Bayside residents continue fight to evict squatters from 38th Avenue home –

Several Bayside residents joined the former Queens politician Tony Avelle met on Sunday August 7 to discuss how to get rid of squatters occupying a house on 38th Avenue.

Since an incident last March in which fire were fired in the neighborhood by private individuals who were renting the house to 208-16 38th Ave. squatters via Airbnb, several area residents have been in contact with local leaders, including Senator John Liu, Congresswoman Grace Meng and Congressman Ed Braunstein, trying to get the squatters evicted.

Although they are still working towards this goal, some progress has been made. Con Edison cut the electric and gas service to the house, and Braunstein is now looking to do the same with the water service there.

“While progress has been made in getting Con Ed to disconnect electric and gas service, the job needs to be completed,” said local resident Stephen Markowski. “Several neighbors as well as local officials spoke with the mayor Special Application Office (OSE) and were able to obtain a [search] warrant that they were able to execute on July 1. They found that the gas and electricity were bypassed and there was a finished basement apartment that was rented out on Airbnb. That night, [the squatters] came with a truck and started loading furniture and other things from the house.

According to Markowski, the house was to be seized and auctioned on June 16. However, on June 15, a notice of bankruptcy was filed. The house’s previous owner, Joe Carollo, told her that he wasn’t the one who dropped her off. This raised concerns that the squatters falsified the documents with Carollo’s information when filing for bankruptcy. The filing put the foreclosure on hold.

According to Avella, the bank whose rights Carollo claims to have waived must formally obtain the property before having it sealed by the Buildings Department. He also pointed out that police cannot legally evict squatters until the landlord declares that no one should live there.

While the squatters continue to occupy the house, they do not actually live there. This was further reinforced by the fact that they loaded furniture and other household items onto a van late at night. The Queens District Attorney’s Office is currently reviewing the squatters, the home and the bankruptcy filing.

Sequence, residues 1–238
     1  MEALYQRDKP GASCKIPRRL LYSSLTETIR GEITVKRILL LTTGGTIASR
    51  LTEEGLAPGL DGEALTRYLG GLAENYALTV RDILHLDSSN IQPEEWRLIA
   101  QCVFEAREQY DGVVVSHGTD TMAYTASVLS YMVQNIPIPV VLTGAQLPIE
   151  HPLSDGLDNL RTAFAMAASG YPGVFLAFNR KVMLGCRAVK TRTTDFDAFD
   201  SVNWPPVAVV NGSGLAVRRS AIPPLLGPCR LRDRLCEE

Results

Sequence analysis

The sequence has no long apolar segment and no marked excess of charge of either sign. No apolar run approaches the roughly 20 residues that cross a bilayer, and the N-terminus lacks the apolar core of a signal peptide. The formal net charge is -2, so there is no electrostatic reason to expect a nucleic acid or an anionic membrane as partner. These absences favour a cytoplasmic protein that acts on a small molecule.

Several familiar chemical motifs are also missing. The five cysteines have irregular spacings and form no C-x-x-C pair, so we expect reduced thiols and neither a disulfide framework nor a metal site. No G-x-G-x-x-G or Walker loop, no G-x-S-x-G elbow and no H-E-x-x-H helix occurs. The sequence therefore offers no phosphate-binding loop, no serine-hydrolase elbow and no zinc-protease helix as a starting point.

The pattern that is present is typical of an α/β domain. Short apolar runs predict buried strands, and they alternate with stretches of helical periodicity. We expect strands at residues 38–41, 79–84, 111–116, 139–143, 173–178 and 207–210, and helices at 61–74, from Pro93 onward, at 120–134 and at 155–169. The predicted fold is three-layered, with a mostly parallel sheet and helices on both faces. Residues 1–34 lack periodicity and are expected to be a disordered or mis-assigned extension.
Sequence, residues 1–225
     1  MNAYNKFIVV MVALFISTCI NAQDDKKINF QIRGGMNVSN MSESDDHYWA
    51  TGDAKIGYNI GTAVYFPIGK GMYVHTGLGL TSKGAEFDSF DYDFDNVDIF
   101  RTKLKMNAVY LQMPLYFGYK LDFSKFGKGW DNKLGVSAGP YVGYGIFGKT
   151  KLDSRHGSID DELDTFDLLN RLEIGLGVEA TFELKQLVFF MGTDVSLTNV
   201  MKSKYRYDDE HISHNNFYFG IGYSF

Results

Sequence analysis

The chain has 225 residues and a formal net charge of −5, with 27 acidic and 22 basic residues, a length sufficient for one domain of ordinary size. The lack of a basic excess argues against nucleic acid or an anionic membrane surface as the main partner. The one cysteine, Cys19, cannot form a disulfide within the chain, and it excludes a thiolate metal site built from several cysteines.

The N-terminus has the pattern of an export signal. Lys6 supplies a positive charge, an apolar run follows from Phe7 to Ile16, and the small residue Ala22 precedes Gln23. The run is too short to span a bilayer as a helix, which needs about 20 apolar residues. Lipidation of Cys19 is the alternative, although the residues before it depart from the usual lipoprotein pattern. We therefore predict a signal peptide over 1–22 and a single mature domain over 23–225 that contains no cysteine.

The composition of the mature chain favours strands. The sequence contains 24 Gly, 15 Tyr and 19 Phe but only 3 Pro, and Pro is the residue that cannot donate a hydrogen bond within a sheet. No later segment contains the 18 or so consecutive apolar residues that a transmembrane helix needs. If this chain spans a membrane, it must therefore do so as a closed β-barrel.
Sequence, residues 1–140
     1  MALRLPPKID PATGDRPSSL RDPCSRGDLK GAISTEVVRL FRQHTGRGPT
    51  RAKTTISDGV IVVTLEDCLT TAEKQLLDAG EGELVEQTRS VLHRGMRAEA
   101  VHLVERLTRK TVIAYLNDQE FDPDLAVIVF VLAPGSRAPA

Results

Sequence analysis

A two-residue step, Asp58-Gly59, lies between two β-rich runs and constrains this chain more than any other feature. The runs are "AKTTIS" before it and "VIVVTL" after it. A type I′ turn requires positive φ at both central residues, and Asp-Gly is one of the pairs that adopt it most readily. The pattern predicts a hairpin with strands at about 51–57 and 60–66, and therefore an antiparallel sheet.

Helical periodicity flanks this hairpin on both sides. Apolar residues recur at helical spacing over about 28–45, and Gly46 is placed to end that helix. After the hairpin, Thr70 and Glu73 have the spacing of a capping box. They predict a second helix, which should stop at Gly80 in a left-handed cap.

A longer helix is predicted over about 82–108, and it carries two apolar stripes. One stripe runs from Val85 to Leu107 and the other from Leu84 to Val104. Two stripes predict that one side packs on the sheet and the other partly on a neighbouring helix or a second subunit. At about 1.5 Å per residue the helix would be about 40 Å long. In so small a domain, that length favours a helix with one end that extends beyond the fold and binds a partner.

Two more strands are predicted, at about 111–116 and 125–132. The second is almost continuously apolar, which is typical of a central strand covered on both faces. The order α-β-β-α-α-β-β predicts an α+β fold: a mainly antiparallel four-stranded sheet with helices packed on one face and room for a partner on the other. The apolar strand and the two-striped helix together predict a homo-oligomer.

Markowski speculated that squatters continue to return to the property even if they don’t live there, as they hope to be paid by the bank that would own the property in return for leaving. He pointed out that this was not the only property these people were squatting in, noting that they were doing so at another property at 1204 New Hyde Park Rd. on Long Island.

“I spoke to the mayor’s office and the head of the Community Affairs Unit (CAU),” Avella said. “CAU needs to sit down and coordinate with the OSE, Mayor’s office, building department, fire and police. At present, [these departments] do not coordinate.

Although Avella confirmed to the offices of Liu, Meng and Braunstein that they each remain involved in this issue, he also recommended that community members hold another press conference to keep the pressure on the city to she acts. He also said he would help by inviting relevant agencies and some elected officials to the press conference on behalf of the district. The hope is that this will increase the city’s response.

Avella encouraged neighborhood members to continue to contact these agencies and leaders. According to Avella, continuing to contact them could help move things forward by prioritizing them.

The squatters were previously tenants of Carollo. When Carollo left, they reportedly stopped paying rent. They spent about two years and eight months checking the residence.

Community leaders plan to hold another press conference on the issue on September 10 at 11 a.m. at the corner of 209th Street and 38th Avenue.

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